Now there seems to be a new interest in traditional life by the new generations, those born in the late 80's and the 90's. Music festival abound in young people with fiddles on their backs and banjos in their hands, giving the old music a new twist and a new life. There are communes in cities where young people grow urban gardens and try to live off the grid. Some who can afford to are moving out, buying land and rediscovering the joy of providing for themselves. Those who are held in towns and suburbs are growing gardens and trying to live as "green" as possible with an environmental awareness that seems foreign to their elders but in place with the traditional ways of living.



Glenville folk festival, 2009

I think perhaps technology, the thing that pulled people away from the old ways, may be partly responsible for bringing the younger generations back as they discover old-time musicians on YouTube, or stumble on blogs that detail how to raise goats and chickens and make jam. the Internet with its far-reaching powers now provides instant access to people who can share their expertise in the most forgotten of arts and who will even chat or talk on forums. There are photos and videos and all sorts of tools instantly available. When I was learning to do things on our land, I relied on books and the neighbors. Now there is a world neighborhood available online.

I may be way off track in these ruminations, but right or wrong, it makes me happy to see the young fiddle players and homesteaders rediscovering the value of what was taken for granted for so many years.

I'd be interested in hearing your thoughts on this. Anyone care to chime in?

(An interesting observation: the spellchecker doesn't recognize "canner" or "homeplace." Hmmm.)

15 comments:

Country Whispers said...

I think you hit the nail on the head. I am in my late 30's and can identify with this.
I have always had a love of history and traditions however many that are my age could care less.
Our generation was more or less taught to better ourselves. Get out of this hillbilly state and make something of yourself and that is what many did, not even waiting for the door to hit them in the behind.
What they left was family, family traditions and cultures that run deep in our state.
However, over the years many have returned to our state and with them is a new generation and they are taking interest.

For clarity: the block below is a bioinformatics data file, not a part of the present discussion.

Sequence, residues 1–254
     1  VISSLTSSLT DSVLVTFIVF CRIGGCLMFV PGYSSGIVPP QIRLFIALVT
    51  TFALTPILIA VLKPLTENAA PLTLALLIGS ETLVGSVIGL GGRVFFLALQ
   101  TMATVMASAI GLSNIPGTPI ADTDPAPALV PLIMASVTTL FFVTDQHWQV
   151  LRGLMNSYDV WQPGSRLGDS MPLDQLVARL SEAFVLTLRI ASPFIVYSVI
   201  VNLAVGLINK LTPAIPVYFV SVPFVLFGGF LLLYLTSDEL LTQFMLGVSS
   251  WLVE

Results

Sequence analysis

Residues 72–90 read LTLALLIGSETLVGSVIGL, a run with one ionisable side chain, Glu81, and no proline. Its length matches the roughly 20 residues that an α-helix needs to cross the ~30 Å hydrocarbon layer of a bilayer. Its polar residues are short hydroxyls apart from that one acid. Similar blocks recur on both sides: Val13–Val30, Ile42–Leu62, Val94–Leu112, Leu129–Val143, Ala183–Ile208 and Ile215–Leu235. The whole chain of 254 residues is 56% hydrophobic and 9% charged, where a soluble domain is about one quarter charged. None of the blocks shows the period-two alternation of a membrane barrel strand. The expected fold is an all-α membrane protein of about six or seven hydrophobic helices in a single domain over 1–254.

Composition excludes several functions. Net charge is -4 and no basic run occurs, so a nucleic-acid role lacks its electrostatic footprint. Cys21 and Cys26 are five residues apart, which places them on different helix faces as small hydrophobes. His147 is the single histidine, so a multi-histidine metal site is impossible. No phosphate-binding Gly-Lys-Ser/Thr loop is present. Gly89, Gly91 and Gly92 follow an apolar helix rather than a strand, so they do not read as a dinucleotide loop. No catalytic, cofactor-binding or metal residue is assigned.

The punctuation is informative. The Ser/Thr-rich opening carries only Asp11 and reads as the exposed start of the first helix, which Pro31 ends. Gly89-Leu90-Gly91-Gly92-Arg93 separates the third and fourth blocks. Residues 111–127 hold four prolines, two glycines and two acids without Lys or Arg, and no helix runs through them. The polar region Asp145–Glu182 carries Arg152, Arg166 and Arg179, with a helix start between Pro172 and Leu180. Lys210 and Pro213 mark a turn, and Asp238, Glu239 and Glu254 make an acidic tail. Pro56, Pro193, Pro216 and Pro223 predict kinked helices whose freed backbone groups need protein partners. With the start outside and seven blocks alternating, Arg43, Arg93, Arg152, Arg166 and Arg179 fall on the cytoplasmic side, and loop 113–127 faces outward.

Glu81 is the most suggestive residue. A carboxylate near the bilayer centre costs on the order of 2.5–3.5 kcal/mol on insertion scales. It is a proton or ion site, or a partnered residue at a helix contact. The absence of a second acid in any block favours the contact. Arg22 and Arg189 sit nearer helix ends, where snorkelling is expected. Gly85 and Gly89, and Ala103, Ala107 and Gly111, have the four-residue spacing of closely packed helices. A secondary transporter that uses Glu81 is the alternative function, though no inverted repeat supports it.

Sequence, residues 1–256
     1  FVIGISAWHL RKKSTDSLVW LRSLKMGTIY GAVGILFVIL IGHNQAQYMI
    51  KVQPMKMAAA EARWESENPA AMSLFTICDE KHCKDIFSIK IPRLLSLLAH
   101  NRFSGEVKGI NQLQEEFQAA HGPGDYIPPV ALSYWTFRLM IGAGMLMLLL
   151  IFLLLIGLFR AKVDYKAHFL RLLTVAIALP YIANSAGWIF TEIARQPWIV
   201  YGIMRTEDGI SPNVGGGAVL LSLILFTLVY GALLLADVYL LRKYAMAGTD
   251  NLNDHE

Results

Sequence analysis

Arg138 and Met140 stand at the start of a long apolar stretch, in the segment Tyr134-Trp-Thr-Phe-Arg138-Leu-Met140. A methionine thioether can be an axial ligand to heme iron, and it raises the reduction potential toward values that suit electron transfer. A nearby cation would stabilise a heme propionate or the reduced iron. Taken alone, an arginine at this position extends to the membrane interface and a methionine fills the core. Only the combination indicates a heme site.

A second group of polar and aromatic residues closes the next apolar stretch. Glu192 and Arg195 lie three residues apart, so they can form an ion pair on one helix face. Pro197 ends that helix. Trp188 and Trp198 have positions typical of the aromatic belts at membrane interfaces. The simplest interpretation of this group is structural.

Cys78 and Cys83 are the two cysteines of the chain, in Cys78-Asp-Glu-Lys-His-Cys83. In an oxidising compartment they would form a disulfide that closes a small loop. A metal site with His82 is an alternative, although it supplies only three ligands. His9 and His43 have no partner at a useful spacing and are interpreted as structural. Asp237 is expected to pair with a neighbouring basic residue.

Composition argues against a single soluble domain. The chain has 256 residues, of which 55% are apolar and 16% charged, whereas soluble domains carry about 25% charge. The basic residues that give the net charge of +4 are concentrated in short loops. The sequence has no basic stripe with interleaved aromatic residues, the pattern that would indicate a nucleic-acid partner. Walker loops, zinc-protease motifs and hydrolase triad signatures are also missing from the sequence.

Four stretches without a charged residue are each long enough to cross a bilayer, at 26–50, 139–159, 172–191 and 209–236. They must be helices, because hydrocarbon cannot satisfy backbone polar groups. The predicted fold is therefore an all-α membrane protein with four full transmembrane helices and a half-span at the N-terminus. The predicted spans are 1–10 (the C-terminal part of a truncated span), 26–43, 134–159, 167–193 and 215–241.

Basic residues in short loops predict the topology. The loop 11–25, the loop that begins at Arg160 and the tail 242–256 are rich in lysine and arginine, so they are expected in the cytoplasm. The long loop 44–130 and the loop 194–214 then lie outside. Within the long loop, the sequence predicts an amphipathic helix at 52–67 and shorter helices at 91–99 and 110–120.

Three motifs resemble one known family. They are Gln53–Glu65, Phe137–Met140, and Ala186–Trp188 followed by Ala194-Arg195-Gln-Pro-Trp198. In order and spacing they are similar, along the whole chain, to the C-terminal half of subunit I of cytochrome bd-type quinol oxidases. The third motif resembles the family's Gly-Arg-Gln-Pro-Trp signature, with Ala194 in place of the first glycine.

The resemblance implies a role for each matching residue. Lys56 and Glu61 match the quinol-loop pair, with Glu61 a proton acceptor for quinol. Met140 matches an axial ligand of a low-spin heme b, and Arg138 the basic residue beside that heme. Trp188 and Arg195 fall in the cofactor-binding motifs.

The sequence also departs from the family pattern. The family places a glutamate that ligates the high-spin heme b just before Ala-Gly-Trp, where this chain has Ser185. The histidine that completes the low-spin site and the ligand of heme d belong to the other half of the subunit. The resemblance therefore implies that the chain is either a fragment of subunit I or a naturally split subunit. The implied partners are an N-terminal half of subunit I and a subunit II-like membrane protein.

Susan at Stony River said...

Interesting! I'll bet you're right for quite a number of people. When I asked our real estate agent what kind of house would make the best investment in WV, he very quickly said, 'retirement house' - a 2-bed rancher for instance, as a lot of people buying houses in our area have just retired in a big city somewhere, and want to come home.

I just had a long conversation on the bus this afternoon too -- we talked about growing up with moon landings and Star Trek and looking forward to new things all our lives; now, our kids seem to be looking back, to history and roots and heritage. I guess that makes sense.

On another note, I'm in my forties and would love to go to these events, but I just can't -- and there seem to be plenty of people my age still in Clarksburg and Bridgeport at least. Unfortunately most of us are taking care of little kids and/or elderly parents on top of a full-time job (or worse, no job) so weekend events are just too expensive when you bring your mob along, or too exhausting to consider when you're the one herding kids and doing the driving, or the festivals just don't even hit the radar on top of Boy Scout meetings and football practice and piano recitals etc.

Maybe it's a combination of it all.

But a 'missing generation' - reminds me of WWI, when Europe lost most of its young men in just a few years. What an intriguing story idea to work on --

Mary said...

My first thought was that that age group is often called the "sandwich" demographic,and between caring for their children and their parents, they might not have as much time for enjoying the festivals.